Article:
No matter how many times I lamented our scores, Sean held fast to his commitment to the idea that even Rome wasn't built in a day. I really appreciate his vision. He can see our future even if I can't. Sean reminded me again and again that the scores don't matter. Getting Izzy to "let me in" so that I can make the decisions is all that we're focusing on. At one point during a warm up, I can't remember before which test or day, Sean told me to forget about the movements as Izzy already knows them. Instead, I need to focus on getting him soft and round enough so that he can do them. That one comment lifted so much pressure off my shoulders that I could actually work on what Sean wanted me to accomplish.
When both tests had been ridden and Izzy untacked and resting at the trailer, I went up to the show office to grab my tests. I knew they wouldn't be great, but I did expect a little more, and so did Sean. He looked them over and felt that the judge had been a wee bit tough on some of the movements, but that might have just been his papa bear don't mess with my cub reaction. For Second Level, Test 1, we scored 56.081% and for Test 2 we earned 52.927%.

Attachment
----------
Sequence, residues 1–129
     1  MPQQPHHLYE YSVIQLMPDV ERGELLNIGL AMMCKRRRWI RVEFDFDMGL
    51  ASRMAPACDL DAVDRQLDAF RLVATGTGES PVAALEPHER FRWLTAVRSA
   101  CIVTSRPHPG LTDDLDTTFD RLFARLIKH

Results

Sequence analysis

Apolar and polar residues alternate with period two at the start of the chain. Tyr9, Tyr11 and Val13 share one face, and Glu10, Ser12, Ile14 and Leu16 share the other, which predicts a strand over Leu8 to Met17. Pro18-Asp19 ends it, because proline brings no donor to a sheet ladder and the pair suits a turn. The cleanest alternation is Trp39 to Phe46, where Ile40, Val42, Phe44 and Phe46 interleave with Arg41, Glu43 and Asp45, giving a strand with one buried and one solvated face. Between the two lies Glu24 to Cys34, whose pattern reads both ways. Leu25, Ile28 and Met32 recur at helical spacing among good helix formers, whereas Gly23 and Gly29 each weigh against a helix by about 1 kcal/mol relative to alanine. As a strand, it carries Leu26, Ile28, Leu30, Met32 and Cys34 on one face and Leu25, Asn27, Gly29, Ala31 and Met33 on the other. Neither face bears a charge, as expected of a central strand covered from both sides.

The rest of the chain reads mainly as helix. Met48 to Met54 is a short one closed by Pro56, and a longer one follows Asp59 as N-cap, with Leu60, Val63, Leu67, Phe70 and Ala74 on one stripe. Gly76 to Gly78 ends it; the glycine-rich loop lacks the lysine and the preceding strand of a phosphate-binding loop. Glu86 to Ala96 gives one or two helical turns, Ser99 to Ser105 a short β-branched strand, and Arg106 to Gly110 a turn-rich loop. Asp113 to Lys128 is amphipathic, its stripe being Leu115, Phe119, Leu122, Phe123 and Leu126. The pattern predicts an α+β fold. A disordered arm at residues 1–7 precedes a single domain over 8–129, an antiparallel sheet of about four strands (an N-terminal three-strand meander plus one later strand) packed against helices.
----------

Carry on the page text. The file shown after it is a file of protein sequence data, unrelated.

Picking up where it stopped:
If I keep in mind Sean's reasoning that 1% improvement will compound over time, I should be thrilled as the Test 1 score was five percent better than the last two Test 1 scores earned in April (51.486% and 51.892%). For Test 2, the progress is not so obvious. Our 52.927% fell right in the middle of the last two Test 2 scores of 50.854% and 53.537%. Of course I want higher scores, but I am going to trust Sean's process. He has been right about every suggestion so far, and when I implement them, good things happen.
The score sheets and video for Test 2 are below.
Part 2 coming up. Stay tuned for more.
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About the Writer and Rider
I am a lifelong rider.
I began endurance riding in 1996 where I ultimately completed five, one-day 100 mile races, the 200-mile Death Valley Encounter, and numerous other 50, 65, and 75 mile races. I began showing dressage in 2010.
Welcome to my dressage journey.
About Speedy G
Speedy went from endurance horse to dressage horse. After helping me earn a USDF Bronze medal in the summer of 2020, he is now semi-retired. Speedy is a 2004, 15'1 hand, purebred Arabian gelding. His Arabian Horse Registry name is G Ima Starr FA.
Izzy was started as a four-year old and then spent the next 18 months in pasture growing up. I bought him as a six-year old, and together, we are showing at the lower levels. He is a 2008, 16'3 hand warmblood gelding. His Rheinland Pfalz-saar International (RPSI) name is Imperioso.
National Rider Awards
State Rider Awards
State Horse Awards
CDS Sapphire Rider Award
Third Level: 63.514%
Third Level: 62.105%
2023 Show Season
(r) Ride-a-Test Clinic
2023 Show Schedule
2023 Completed …
2023 Qualifying Scores
Regional Adult Amateur Competition (RAAC)
Qualifying Training Level
3 Scores/2 Judges/60%: